As we announced earlier, Stratasys, like the objects coming out of their print nozzles, has acquired their own third dimension. Last year, the manufacturer of industrial 3D printers married up, merging with Objet and their super-high-end machines (we looked at a 16-micron-capable unit here); it's just been announced that they've married down as well, scooping up MakerBot and their entry-level machines for a reported $400 million. Stratasys has tried to go low-end before through a short-lived partnership with HP; this time is different, largely because HP doesn't know what the hell they're doing and MakerBot does.
So what does this all mean? Several things:
At first blush, this might seem like Makita acquiring Festool, then picking up Skil; the one company will have access to three different strata, if you'll pardon the pun, of users. In most industries, that spells dominance. But unlike with power tools, with 3D printing there will always be a dedicated DIY-hacker base happy to keep tinkering with their RepRaps in the garage, meaning that that unexpected (and perhaps unreliable) source of individual innovation will not be snuffed out. This is good for everyone.
It does mean, however, that Stratasys will dominate the plug-and-play market. Between them and Objet they've got the industrial market well-covered, and with MakerBot's relative ease-of-use appeal—as proven with their Replicator 2's 11,000 units sold since launch, accounting for half of the company's sales since their birth—they will be the go-to for consumers who "don't want a toaster and just want toast."It also means there will be a bridge in place for the prosumer ready to step up to the next 3D printing level. Right now a top-of-the-line MakerBot runs $3,000, while low-end Stratasys buy-in starts around $10,000—steep, but not insurmountable. If the $10,000 figure starts to come down and Stratasys marketing muscle starts to flex, we can probably expect to see people crossing that bridge.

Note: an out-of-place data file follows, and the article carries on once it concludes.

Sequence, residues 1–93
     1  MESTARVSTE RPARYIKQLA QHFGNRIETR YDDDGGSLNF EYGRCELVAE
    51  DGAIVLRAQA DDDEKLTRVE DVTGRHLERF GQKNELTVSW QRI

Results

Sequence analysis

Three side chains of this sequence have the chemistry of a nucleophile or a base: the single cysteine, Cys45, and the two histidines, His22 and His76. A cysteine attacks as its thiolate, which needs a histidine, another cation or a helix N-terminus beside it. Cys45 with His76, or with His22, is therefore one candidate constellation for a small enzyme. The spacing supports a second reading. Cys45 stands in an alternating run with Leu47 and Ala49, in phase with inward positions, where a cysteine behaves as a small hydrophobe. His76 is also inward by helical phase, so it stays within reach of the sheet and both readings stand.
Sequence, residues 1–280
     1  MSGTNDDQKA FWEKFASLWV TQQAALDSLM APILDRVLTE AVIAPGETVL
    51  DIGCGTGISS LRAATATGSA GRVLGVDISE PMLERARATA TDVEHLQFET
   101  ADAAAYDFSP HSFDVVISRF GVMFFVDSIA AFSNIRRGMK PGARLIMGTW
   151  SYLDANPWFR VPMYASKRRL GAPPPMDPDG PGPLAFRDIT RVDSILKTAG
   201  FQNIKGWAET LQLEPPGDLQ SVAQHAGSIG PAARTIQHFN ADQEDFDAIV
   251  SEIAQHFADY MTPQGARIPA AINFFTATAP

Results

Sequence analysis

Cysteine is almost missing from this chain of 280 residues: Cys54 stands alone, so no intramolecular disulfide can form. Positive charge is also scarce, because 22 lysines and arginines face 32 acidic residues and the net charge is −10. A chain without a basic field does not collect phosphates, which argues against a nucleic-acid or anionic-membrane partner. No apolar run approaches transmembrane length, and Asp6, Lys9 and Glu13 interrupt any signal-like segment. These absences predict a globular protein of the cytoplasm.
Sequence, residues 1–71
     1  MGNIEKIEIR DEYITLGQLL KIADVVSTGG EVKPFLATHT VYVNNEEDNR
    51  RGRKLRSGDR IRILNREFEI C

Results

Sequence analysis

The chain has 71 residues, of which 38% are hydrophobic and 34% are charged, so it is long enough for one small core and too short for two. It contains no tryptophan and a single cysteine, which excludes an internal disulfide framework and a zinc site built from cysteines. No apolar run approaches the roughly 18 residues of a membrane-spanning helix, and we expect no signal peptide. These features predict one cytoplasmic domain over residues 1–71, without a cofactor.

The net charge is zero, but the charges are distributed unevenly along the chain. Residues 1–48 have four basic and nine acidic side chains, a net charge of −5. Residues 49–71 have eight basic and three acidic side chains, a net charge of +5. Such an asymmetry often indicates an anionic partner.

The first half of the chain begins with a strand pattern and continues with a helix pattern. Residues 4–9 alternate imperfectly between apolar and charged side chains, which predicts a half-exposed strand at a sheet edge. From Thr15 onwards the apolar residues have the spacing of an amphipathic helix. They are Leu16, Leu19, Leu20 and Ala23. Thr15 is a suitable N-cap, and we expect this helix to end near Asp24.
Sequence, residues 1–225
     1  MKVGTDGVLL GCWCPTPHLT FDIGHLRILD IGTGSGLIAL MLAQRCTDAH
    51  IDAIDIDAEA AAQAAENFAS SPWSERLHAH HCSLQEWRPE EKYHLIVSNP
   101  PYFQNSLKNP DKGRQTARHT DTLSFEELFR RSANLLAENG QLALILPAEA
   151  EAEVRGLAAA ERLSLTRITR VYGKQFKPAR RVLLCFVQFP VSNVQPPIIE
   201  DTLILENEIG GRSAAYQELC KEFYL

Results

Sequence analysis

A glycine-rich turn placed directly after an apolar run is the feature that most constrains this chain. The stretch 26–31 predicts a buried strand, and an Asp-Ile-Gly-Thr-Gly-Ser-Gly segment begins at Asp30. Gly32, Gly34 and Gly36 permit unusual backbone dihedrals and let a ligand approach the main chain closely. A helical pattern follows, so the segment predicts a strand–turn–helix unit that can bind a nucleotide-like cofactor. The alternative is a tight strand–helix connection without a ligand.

Perhaps most significant is that Stratasys is acquiring the Thingiverse. For the sake of serving individual users, MakerBot's robust creative community has more potential power and than any marriage of technology—more powerful than say, a company acquiring Apple to gain the iTunes ecosystem's user base, because Thingiverse denizens aren't just consumers; they are creators. If Stratasys is smart, they'll use their global and financial muscle to build the Thingiverse out, spreading its influence wide while still providing plenty of drill-down, long-tail depth for the hardcores. And when it comes to moving machines, Stratsys can provide MakerBot with some seriously global reach.
Then there's the tantalizing appeal of combined R&D, and technology trickling down. It's presumably unlikely that the Replicator 3 will contain anything developed at Objet and filtered through Stratasys, but not difficult to imagine that happening with the Replicator 4. How hot would it be to see an affordable FDM (fused deposition modeling) MakerBot, or one capable of Objet's crazy-fine detail?
Lastly, there will be no unwieldy Sterling Cooper Draper Pryce Cutler Gleason Chaough moniker; MakerBot will operate as a subsidiary, retaining their brand. It's just as well--3D printers are getting sleeker these days, and StrataMakerBobjetSys would be a tough logo to slap onto the side.